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Home for Christmas, Joe Palmer

Writing.ie | Magazine | Mining Memories | Tell Your Own Story
joe-palmer

Joe Palmer

Christmas in Ireland is a very special time for families. Each has their own particular memory of the seasonal celebrations, especially from childhood times.

My own recollections are no less treasured but they may be somewhat different from the norm. That’s because in our home, Santa Claus didn’t play a starring role. For our family at least, the great man played second fiddle to the Christmas table.

Preparations for Christmas started very early, I don’t remember just when. What I do remember is my mother buying the eggs for baking at a time when they were best value in the shops, then preserving them for use later on. She did this by rubbing them with Vaseline, piercing them individually with a small pin prick, then stacking them on their trays in a closet where they were left in the dark until ready for use.

The Christmas baking got under way in October and continued for weeks. Old biscuit tins of all shapes and sizes were taken out of storage and filled in succession with sultana cake, Madeira cake, cherry cake, coffee cake, lemon cake (my father’s favourites) and finally with Christmas cake.

Then it was time to prepare the plum pudding. For this, it was all hands on deck as all four children were required in turn to give the mix a good stir. The day before that however, a bottle of Guinness stout had been poured over the dried fruit to ensure it was well plumped up before the various aromatic spices and remaining baking ingredients were added. After being transferred into the various containers for boiling, there was always a rush of little fingers to scrape the inside of the mixing bowl.

A week or so before the big event, we visited our grandmother’s at Cloongad to deliver a wide range of Christmas fare in exchange for their annual gift of a fine big turkey.  The following day, the turkey was prepared for its final destination. This was hard work. The plucking was done first. This required the use of pliers to extract the biggest feathers. Then the Primus camping stove was lit and the turkey held over the naked flames to singe off any remaining feather fluff and hair, creating the most awful smell in the kitchen. Finally, the claws were slit open down the sides for the hardest job of all, the extraction of the sinews from the legs. At last it was ready for hanging in the larder to await the arrival of Christmas morning.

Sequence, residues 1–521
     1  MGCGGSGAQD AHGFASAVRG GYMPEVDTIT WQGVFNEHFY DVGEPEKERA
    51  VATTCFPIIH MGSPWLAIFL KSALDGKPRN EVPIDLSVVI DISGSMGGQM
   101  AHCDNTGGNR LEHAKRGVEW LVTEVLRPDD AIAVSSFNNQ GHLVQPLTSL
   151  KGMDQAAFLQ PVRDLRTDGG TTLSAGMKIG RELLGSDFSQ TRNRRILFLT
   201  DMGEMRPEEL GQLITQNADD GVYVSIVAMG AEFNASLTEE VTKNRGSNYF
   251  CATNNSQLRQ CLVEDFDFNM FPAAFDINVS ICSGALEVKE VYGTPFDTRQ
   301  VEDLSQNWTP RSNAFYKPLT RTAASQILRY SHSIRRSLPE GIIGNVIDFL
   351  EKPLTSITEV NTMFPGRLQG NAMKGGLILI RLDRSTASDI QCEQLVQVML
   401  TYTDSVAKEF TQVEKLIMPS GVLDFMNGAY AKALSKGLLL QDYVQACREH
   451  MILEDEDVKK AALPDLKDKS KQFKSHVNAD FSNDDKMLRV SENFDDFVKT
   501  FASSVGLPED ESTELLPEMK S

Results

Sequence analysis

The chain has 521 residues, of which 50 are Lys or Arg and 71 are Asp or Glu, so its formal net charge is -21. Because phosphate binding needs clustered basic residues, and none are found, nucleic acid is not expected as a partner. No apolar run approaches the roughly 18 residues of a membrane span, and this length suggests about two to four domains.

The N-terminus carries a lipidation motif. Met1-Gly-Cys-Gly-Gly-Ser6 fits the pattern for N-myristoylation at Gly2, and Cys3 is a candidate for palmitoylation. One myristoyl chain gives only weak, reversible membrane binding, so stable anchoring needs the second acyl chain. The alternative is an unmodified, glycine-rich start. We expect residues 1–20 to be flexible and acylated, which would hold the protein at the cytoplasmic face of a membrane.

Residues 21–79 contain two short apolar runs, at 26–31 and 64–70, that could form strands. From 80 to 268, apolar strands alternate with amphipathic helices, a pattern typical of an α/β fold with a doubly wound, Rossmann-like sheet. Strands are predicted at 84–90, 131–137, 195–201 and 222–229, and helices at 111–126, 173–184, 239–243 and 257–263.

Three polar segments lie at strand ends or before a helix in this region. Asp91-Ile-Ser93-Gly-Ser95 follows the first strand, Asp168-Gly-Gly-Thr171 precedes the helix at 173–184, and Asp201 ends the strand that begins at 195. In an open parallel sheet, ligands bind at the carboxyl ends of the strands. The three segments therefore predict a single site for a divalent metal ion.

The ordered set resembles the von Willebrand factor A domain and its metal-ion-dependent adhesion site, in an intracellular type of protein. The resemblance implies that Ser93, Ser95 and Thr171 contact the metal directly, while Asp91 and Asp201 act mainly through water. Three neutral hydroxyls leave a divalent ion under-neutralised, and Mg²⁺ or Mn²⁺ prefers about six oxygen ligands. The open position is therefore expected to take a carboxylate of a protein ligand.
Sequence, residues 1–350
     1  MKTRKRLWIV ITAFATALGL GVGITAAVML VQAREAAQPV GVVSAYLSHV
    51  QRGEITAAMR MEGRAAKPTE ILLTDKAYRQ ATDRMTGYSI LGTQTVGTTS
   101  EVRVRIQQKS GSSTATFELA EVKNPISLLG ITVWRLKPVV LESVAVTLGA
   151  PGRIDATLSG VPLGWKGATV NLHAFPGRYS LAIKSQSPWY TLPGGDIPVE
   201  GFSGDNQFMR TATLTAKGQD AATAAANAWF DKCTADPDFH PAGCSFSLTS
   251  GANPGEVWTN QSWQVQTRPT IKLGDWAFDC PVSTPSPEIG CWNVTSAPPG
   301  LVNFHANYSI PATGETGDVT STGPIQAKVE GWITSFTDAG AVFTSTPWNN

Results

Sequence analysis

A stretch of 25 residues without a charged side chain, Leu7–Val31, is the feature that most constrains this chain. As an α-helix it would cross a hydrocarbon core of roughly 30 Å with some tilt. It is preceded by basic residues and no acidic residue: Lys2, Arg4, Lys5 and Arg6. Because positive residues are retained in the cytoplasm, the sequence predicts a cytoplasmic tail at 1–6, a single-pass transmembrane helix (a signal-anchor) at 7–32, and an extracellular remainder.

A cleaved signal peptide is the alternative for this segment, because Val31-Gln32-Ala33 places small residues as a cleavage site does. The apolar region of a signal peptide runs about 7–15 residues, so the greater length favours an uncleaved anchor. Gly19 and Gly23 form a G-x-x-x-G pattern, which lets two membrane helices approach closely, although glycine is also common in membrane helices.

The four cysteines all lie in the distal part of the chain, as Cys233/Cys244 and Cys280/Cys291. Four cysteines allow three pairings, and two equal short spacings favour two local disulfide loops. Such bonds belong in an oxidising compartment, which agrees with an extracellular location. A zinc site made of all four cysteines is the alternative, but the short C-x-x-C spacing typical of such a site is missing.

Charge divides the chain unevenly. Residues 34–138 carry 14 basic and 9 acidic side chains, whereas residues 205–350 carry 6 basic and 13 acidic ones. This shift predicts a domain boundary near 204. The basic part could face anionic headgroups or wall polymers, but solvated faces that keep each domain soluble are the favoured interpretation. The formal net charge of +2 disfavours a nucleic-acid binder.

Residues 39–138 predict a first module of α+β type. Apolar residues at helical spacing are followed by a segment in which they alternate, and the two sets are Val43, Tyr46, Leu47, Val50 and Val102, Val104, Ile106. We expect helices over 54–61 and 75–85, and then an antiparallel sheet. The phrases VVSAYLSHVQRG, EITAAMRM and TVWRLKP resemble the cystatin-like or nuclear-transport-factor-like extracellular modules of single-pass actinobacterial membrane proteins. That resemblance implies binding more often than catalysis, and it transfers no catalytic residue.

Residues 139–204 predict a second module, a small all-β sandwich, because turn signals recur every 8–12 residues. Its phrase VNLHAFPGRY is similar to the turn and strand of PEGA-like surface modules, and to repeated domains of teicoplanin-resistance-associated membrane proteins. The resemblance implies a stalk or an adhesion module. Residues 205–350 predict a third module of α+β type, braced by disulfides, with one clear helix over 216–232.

Once home from early Mass, the most important job of the day began. This was the setting of the table, a task carried out under my father’s strictest supervision.  We all stayed well clear of the kitchen, under specific orders not to stray under our mother’s feet.  Our finest crockery, cutlery and crystal was taken out from storage, linen and hand-embroidered table cloths, serviettes and placemats were retrieved from cupboard corners, decorative flower creations appeared from the garden. When finally set, for ten and often more, the table always looked stunning.

The place of honour at the top of the table was reserved for my elderly grand-aunt, Mary Agnes. As the oldest among us, to her was given the honour of carving the turkey. At the other end, my father carved the huge ham. In between, my grandmother Daisy, my aunt Mary, my mother Mae, and my sister Frances, shared the tasks of adding the vegetables, potatoes and gravy as the big plates were circulated in turn around the table before being placed in front of the eager diners.

Later, the plum pudding was lit with flaming brandy and carried ceremoniously into the dining room by my father. The consumption of cake followed much later, by which time only the larger tummies had room.

Auntie Aggie, my grand-aunt, always made a big ceremony of her special carving role. Before setting into her task, she would first ask ‘anyone for the Pope’s Nose?’, before slicing off the turkey’s tailpiece and placing it one side for her own consumption.

For some reason of other, I was to recall that special Christmas moment many years later and in totally different circumstances – as special guest at a town-twinning ‘Fest Noz’ in Crozon, Brittany. A suckling pig had just been barbecued and I was asked formally would I accept its rarest cut of meat. I was then presented with the pig’s cheeks.

They were just delicious. As I enjoyed a new gastronomic experience, I remember wondering how it might compare with the taste of the ‘Pope’s Nose’.  That remains a delicacy I have yet to explore.

About the author

Joe Palmer retired three years ago after a lengthy career in regional tourism in Ireland’s north-west and south-east, prior to which he worked for seven years in provincial journalism in his native Sligo.
He has an enthusiastic interest in walking, particularly in the Camino de Santiago, having so far walked 600 kms of the French and English routes during four separate week-long excursions with another trip planned for May.
He also enjoys gardening, travel, food and wine, and golf, is Secretary of the Waterford Male Voice Choir, and likes to read military history.
He is married to Colette, has four adult children and two grandchildren. He started writing since retirement ‘just for the family record’.
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